Supported by machine learning and AI, data analytics systems can collect and analyze data from multiple sources, internal, external and mobile data from customers. This information, traditionally held in uncommunicative silo-based business structures, provides early warning to business changes, demand and supply levels, when unleashed. Of course, it also empowers businesses with the tools they need to deliver personalized customer experiences and new digital products and services. This approach is already being explored across many industries: banking, healthcare, retail, construction and beyond.
A PwC survey of 1,000 business executives showed data-driven businesses to be three times more likely to report significant improvements in decision making compared to enterprises using less data.
The need for new business models
We support a large multinational that works in multiple business sectors. Aiming to lead in each one of those sectors, it invested in a digital portfolio designed to provide the agility and insight to respond rapidly to market shifts.
They understood that business models based on siloed, linear information flows do not deliver the robust business resilience we need. These lack visibility, have limited response to change and suffer from unrecognized inefficiencies.
Data-driven business models, however, are non-linear, flexible and integrated within the business ecosystem. They recognize challenges fast and can react swiftly with all parts of the business built around a digital core. The pandemic showed that many supply chains remained based on linear models. To develop more resilience, enterprises must drive digital transformation across their chains, developing integrated business ecosystems.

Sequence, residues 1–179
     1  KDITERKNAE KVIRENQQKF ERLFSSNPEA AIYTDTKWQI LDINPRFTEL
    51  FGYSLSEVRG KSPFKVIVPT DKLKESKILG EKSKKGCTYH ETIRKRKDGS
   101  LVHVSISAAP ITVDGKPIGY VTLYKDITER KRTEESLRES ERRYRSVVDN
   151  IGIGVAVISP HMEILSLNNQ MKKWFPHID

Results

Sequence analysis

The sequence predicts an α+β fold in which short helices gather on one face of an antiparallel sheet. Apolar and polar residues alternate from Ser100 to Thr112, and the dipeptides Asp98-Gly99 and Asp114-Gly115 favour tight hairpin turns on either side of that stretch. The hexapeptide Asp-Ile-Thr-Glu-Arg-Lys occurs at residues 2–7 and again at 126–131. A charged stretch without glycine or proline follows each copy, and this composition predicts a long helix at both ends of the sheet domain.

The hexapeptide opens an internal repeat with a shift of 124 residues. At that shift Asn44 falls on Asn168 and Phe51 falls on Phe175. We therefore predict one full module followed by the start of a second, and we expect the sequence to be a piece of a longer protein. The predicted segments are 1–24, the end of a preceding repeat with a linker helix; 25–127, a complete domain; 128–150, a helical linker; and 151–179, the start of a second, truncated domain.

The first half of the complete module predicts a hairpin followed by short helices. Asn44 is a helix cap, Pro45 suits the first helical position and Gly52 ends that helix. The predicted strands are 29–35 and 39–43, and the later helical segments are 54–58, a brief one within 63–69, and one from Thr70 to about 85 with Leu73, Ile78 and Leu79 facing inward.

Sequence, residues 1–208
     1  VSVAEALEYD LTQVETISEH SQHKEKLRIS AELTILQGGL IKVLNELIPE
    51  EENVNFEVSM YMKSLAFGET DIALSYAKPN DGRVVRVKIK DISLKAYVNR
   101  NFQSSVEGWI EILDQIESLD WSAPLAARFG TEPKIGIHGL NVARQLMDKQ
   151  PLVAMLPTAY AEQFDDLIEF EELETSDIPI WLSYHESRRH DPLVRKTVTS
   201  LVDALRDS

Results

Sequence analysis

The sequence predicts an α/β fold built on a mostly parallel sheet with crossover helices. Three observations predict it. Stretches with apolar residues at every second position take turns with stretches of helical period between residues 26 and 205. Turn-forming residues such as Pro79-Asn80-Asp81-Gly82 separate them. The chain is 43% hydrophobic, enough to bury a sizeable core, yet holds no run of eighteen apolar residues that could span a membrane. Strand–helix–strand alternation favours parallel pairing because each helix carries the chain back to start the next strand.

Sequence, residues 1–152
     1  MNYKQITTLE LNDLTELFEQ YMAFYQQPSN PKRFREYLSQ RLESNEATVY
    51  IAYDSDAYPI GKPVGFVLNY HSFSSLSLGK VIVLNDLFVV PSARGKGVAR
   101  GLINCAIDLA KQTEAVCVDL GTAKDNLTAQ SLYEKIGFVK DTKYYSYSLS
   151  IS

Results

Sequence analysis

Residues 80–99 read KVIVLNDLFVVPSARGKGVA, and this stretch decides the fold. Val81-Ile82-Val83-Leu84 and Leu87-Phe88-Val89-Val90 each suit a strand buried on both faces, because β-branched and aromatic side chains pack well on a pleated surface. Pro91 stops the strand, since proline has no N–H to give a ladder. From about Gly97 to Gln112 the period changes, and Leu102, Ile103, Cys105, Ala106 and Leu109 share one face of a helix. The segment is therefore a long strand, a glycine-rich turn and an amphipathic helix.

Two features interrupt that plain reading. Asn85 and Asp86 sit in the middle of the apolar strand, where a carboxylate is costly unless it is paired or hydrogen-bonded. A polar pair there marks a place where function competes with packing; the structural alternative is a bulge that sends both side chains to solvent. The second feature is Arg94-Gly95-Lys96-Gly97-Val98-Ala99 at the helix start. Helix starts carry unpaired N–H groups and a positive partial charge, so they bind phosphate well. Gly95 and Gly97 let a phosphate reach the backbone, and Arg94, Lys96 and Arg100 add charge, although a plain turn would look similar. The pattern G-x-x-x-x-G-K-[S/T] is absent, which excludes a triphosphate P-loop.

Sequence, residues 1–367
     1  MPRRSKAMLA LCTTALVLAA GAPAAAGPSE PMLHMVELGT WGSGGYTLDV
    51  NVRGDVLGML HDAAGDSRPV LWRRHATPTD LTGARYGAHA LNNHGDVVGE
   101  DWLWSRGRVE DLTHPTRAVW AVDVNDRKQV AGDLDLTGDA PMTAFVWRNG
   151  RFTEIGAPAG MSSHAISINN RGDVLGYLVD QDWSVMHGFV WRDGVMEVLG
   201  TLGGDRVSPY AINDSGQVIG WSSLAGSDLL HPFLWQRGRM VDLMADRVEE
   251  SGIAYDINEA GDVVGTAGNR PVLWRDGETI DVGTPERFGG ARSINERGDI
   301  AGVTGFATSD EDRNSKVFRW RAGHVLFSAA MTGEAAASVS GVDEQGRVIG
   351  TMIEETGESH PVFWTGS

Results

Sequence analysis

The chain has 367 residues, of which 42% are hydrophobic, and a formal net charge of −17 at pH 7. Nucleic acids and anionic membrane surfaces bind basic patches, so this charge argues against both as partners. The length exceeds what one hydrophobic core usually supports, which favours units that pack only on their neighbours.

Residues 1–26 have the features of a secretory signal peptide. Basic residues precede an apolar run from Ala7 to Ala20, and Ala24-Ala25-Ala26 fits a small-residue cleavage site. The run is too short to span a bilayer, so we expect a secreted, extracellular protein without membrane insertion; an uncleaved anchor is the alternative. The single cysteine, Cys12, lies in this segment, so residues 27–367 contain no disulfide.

So, what technology investments are required?
To become more data-centric, digitize supply chains and innovate, we need to invest in technologies to transform us into software-defined enterprises. While many will be grappling with falling revenue and challenging market conditions, future survival and resilience depend on these investments.
Three critical investment sectors include:
- Native multicloud solutions
- Data analytics, AI and machine learning
Accelerating digital transformation often requires enterprises to resolve the challenge of implementing new digital solutions alongside existing legacy environments, at least for a while. We recommend our Multisourcing Service Integration (MSI) solution to help manage this.
This approach outsources the challenge of managing multiple IT services by presenting them through a single digital interface. It makes it much easier to deploy new technologies across your enterprise while managing the existing solutions. It also opens up a route for a conversation with your partners, enabling a trusted service provider to solve the challenge of integrating different solutions to maximize the use of business-critical data.
In the digital world, we are all connected
What’s critical to understand is that the pandemic exposed how every part of our business relies on every other part. It’s not enough to go it alone. For success, your digital transformation strategy requires you to work closely with partners, suppliers and customers. With help from technology, we become agile and can rapidly respond to change. In the digital world, we are all connected.
Sam joined Orange Business Americas in September 2017 as the Head of Solutions for the Americas. Sam oversees all solutions resources in the Americas and is responsible for managing and developing the entire Orange Business solution portfolio in the region. He is also a member of the Americas Leadership Team, steering and motivating the region in alignment with the Americas and international strategies.